Having been involved in executive recruiting for 35 years, prospective clients often ask if our firm includes a formal personality assessment as part of our evaluation process. The answer is No, however we recently decided to re-assess the pros and cons of this evaluation tool.
It was not surprising to learn that the use of personality tests in the hiring process has been on the rise for the past 10 years. A recent survey by The Aberdeen Group indicates 56% of the companies surveyed are using a pre-hire assessment which can check personality, cognitive ability, and/or competency among other areas. The most frequently given reason for adding testing is to help withstand legal challenges. Another factor is the ease of completing and administering the tests on-line which is a huge advantage over the traditional pencil and paper process.
It was surprising to learn that there are over 2,500 different personality questionnaires offered in the marketplace. We did not attempt to evaluate all 2,500 but it is likely that each offers a unique method or process to assess potential candidates.
It logically follows that each test also has the potential of reaching a slightly different conclusion about the personality components they are focused on. It is critical to understand that assessments often focus on specific character traits. For example, the test used to evaluate the technical capabilities of an engineer is not the same one that should be used to evaluate the gregarious nature of a salesman. This obvious example is only mentioned to highlight the fact that “one size does not fit all”.
JSA has numerous clients who utilize personality assessments in their internal process. Their use ranges from having the candidate complete a simple form (DISC, Briggs-Meyers, Caliper, or the Cleaver Profile) to having the candidate meet face-to-face with an assessment and development professional. The latter method can be expensive and is primarily used for senior level executive placements.
The purpose of this article is to offer some things to think about if you are considering adding this tool to your evaluation process, or if you are evaluating your current testing methods and looking for alternatives. Here are some things to keep in mind:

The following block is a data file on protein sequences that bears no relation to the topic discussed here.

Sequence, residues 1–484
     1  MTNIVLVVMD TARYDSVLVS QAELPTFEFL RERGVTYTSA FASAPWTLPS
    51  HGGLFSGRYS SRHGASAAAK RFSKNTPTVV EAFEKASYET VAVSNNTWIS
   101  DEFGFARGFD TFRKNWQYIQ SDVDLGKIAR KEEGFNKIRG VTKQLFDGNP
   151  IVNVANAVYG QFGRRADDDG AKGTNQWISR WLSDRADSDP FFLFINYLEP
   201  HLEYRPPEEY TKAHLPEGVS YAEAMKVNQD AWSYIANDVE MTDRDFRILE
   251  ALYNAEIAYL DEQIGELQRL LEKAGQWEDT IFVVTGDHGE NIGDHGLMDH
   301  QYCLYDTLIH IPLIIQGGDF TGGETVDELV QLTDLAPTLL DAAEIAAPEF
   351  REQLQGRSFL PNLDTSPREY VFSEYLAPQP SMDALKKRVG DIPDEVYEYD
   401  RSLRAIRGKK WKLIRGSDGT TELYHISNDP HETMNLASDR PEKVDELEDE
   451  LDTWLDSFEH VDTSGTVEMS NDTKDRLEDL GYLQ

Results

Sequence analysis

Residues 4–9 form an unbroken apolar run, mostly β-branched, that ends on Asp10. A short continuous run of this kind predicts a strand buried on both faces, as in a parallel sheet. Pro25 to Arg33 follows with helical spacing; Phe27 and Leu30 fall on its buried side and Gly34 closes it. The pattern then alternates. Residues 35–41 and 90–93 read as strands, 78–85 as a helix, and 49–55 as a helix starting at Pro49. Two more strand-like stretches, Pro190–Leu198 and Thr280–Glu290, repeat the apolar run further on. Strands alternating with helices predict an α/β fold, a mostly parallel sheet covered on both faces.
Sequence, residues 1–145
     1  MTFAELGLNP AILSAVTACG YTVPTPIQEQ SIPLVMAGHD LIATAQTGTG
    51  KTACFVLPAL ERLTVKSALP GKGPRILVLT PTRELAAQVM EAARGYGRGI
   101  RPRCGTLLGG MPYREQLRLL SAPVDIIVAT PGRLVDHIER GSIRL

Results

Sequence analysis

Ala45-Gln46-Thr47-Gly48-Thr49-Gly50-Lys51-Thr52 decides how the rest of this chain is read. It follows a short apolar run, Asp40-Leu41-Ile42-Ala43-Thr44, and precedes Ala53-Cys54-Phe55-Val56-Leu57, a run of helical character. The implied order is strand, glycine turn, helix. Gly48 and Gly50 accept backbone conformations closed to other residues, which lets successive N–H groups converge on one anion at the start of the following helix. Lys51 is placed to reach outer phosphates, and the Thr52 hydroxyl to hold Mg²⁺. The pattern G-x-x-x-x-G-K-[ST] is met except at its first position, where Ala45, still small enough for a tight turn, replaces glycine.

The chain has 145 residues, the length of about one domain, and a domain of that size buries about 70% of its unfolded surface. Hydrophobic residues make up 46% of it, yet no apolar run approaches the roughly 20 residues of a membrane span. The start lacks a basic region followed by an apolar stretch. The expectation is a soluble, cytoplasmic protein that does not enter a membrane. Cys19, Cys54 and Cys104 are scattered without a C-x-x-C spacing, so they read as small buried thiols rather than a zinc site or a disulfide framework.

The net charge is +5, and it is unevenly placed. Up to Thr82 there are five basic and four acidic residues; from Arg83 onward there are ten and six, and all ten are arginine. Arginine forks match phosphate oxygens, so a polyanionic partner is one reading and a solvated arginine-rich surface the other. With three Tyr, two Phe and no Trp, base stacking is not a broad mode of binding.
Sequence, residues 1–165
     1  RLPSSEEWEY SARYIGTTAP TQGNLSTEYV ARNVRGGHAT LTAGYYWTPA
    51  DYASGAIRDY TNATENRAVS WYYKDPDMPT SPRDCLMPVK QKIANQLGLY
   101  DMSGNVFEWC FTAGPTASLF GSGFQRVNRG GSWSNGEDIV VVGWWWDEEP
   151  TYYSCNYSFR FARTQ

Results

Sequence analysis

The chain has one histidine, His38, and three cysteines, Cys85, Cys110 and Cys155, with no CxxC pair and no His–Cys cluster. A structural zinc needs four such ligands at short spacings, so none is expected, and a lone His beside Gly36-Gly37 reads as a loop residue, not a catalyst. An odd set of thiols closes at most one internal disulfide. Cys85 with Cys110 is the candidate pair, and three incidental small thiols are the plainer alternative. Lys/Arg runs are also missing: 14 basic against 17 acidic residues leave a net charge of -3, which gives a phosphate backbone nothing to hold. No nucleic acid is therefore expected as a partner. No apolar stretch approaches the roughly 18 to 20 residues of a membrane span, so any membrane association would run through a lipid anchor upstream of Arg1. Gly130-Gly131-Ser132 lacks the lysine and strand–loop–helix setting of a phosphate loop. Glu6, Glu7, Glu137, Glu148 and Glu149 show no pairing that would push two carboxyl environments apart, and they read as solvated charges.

- Make sure they’re legal. We were surprised to learn in our research that the EEOC does not automatically accept the results from all standardized tests as non-discriminatory. Hiring a professional firm will mitigate this risk but, as noted earlier, can be very expensive. How the test is created, its intended purpose and how you administer the results are all areas that may be challenged if the test is used as a reason for hiring or not hiring the candidate.
- Choose the test that measures what you need. Some companies ask every prospective candidate to complete the exact same assessment questionnaire. Our observation is that the company then either does not fully utilize the test results or they use the results to help predict if there is a good personality fit with the rest of the Team. JSA has seen this used very effectively early in the evaluation process by a small firm (less than 100 employees) to quickly eliminate candidates that would not be a good “fit”. However, in doing so it also could eliminate some well-qualified candidates just because of the way they elected to answer a series of questions. This leads us to our 3rd point to keep in mind.
- Be aware of the limits of the test you are using. Reputable tests can identify personality traits however none can actually predict whether a person will succeed in a job. Management style (theirs and yours), corporate culture, previous experience and training all have a huge impact on the future success of a candidate.
Since our firm fills various senior level positions for a wide variety of clients in the heavy equipment industry, we continue to believe that using one standardized test to assess candidate potential and organizational “fit” is not a good tool for us. As we have highlighted in past articles for this magazine, the most important foundation for hiring the right candidate starts with development of an accurate and comprehensive job description. The position spec identifies company values and character traits that are required for each specific role. Interview questions and reference questions can then be honed to evaluate how a candidate will “fit” and how his or her experience will contribute in this new role.
We have no doubt that a standardized testing process, which is properly understood and accurately administered is a valuable tool that should be considered. However, it should be only one of many tools in your process and should not displace the face-to-face interview complete with questions designed to validate your initial “gut feel” about each finalist candidate you meet.